Detalle Publicación


Porphobilinogen deaminase over-expression in hepatocytes, but not in erythrocytes, prevents accumulation of toxic porphyrin precursors in a mouse model of acute intermittent porphyria

Título de la revista: Journal of Hepatology
ISSN: 0168-8278
Volumen: 52
Número: 3
Páginas: 417 - 424
Fecha de publicación: 2010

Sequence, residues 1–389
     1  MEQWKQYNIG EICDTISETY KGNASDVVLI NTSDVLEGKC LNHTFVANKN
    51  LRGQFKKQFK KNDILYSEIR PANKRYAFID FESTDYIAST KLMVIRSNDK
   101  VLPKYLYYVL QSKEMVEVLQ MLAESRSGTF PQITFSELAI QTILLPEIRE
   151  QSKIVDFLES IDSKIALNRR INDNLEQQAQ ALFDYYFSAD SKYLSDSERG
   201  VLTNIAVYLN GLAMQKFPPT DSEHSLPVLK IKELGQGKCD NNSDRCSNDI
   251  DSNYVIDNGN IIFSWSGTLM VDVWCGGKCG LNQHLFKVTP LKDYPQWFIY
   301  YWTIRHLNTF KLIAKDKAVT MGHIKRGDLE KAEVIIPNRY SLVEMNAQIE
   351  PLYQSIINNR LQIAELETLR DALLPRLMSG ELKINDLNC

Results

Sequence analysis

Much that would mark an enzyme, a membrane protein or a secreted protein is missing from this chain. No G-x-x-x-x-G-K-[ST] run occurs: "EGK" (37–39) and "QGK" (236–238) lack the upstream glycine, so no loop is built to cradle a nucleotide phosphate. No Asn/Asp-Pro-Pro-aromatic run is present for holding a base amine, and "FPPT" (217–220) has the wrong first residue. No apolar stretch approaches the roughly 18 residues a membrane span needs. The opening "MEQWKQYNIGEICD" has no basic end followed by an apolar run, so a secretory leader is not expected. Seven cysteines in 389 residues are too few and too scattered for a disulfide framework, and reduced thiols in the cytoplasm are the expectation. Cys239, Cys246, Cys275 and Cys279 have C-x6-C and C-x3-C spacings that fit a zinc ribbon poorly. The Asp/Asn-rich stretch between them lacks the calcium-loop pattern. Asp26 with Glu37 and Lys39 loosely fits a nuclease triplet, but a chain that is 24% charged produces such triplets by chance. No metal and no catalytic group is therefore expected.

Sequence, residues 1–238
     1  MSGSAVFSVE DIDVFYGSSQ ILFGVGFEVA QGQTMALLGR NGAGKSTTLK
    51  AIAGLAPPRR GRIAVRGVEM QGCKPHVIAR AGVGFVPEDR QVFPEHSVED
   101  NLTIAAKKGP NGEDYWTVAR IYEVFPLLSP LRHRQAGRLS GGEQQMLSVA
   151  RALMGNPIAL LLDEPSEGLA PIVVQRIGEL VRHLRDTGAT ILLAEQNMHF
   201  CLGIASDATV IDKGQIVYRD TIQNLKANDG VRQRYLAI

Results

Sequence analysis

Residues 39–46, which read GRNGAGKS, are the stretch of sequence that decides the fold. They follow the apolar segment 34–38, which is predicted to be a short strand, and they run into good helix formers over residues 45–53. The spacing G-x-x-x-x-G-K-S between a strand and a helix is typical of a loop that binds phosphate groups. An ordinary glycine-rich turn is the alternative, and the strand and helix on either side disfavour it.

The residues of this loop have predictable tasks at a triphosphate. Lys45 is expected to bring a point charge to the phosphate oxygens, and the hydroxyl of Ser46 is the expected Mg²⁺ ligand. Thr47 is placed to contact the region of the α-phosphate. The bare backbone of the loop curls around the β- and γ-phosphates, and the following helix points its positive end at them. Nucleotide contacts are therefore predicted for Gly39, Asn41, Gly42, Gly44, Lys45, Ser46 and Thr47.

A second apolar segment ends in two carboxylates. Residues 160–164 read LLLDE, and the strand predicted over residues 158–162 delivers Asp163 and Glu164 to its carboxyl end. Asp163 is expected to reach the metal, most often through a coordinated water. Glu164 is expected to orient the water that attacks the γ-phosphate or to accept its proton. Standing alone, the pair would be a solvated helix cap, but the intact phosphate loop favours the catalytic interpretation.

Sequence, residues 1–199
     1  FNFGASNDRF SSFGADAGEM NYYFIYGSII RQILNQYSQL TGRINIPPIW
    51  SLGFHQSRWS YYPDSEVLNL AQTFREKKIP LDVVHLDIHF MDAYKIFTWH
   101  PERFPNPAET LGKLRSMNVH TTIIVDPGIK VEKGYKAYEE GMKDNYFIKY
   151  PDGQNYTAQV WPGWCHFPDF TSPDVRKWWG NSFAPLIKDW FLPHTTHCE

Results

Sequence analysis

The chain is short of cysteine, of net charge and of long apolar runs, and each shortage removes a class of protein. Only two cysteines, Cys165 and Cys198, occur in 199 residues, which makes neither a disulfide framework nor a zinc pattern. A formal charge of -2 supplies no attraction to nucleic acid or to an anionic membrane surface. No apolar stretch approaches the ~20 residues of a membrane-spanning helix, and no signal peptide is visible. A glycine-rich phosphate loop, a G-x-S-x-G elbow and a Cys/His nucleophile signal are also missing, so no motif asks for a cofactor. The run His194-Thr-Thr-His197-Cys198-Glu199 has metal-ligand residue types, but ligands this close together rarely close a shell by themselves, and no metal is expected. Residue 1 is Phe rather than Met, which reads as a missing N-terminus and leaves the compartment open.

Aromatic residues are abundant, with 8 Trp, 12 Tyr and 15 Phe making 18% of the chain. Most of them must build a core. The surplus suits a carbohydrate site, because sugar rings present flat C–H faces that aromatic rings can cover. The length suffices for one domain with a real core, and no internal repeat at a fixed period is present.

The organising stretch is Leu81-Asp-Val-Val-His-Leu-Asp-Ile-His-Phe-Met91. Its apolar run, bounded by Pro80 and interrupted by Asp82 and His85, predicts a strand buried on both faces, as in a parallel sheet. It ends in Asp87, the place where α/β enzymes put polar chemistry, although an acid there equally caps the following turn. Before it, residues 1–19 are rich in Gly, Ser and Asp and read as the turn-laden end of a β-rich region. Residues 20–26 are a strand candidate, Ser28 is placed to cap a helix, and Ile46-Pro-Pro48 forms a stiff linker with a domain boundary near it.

Background & Aims: Acute intermittent porphyria (AIP) is characterized by hepatic porphobilinogen deaminase (PBGD) deficiency resulting in a marked overproduction of presumably toxic porphyrin precursors. Our study aimed to assess the protective effects of bone marrow transplantation or PBGD gene transfer into the liver against phenotypic manifestations of acute porphyria attack induced in an AIP murine model. Methods: Lethally irradiated AIP mice were intravenously injected with 5×106 nucleated bone marrow cells from wild type or AIP donor mice. To achieve liver gene transfer, AIP mice received via hydrodynamic injection plasmids expressing human PBGD or luciferase, driven by a liver-specific promoter. Results: Erythrocyte PBGD activity increased 2.4-fold in AIP mice receiving bone marrow cells from normal animals. Nevertheless, phenobarbital administration in these mice reproduced key features of acute attacks, such as massively increased urinary porphyrin precursor excretion and decreased motor coordination. Hepatic PBGD activity increased 2.2-fold after hydrodynamic injection of therapeutic plasmid. Mice injected with the luciferase control plasmid showed a high excretion of porphyrin precursors after phenobarbital administration whereas just a small increase was observed in AIP mice injected with the PBGD plasmid. Furthermore, motor disturbance was almost completely abolished in AIP mice treated with the therapeutic plasmid. Conclusions: PBGD deficiency in erythroid tissue is not associated with phenotypic manifestations of acute porphyria. In contrast, PBGD over-expression in hepatocytes, albeit in a low proportion, reduced precursor accumulation, which is the hallmark of acute porphyric attacks. Liver-directed gene therapy might offer an alternative to liver transplantation applicable in patients with severe and recurrent manifestations.